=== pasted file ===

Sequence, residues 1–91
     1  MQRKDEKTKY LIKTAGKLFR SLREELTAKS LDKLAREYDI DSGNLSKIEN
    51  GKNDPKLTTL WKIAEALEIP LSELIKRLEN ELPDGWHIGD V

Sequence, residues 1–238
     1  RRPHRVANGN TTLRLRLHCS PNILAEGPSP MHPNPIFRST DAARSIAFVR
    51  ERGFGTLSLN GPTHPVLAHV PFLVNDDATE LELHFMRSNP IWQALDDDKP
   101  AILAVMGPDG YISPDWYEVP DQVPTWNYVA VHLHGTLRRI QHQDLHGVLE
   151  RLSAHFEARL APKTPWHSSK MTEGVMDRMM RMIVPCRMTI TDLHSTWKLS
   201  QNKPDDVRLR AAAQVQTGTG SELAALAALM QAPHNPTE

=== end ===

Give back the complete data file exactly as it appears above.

Sequence, residues 1–91
     1  MQRKDEKTKY LIKTAGKLFR SLREELTAKS LDKLAREYDI DSGNLSKIEN
    51  GKNDPKLTTL WKIAEALEIP LSELIKRLEN ELPDGWHIGD V

Sequence, residues 1–238
     1  RRPHRVANGN TTLRLRLHCS PNILAEGPSP MHPNPIFRST DAARSIAFVR
    51  ERGFGTLSLN GPTHPVLAHV PFLVNDDATE LELHFMRSNP IWQALDDDKP
   101  AILAVMGPDG YISPDWYEVP DQVPTWNYVA VHLHGTLRRI QHQDLHGVLE
   151  RLSAHFEARL APKTPWHSSK MTEGVMDRMM RMIVPCRMTI TDLHSTWKLS
   201  QNKPDDVRLR AAAQVQTGTG SELAALAALM QAPHNPTE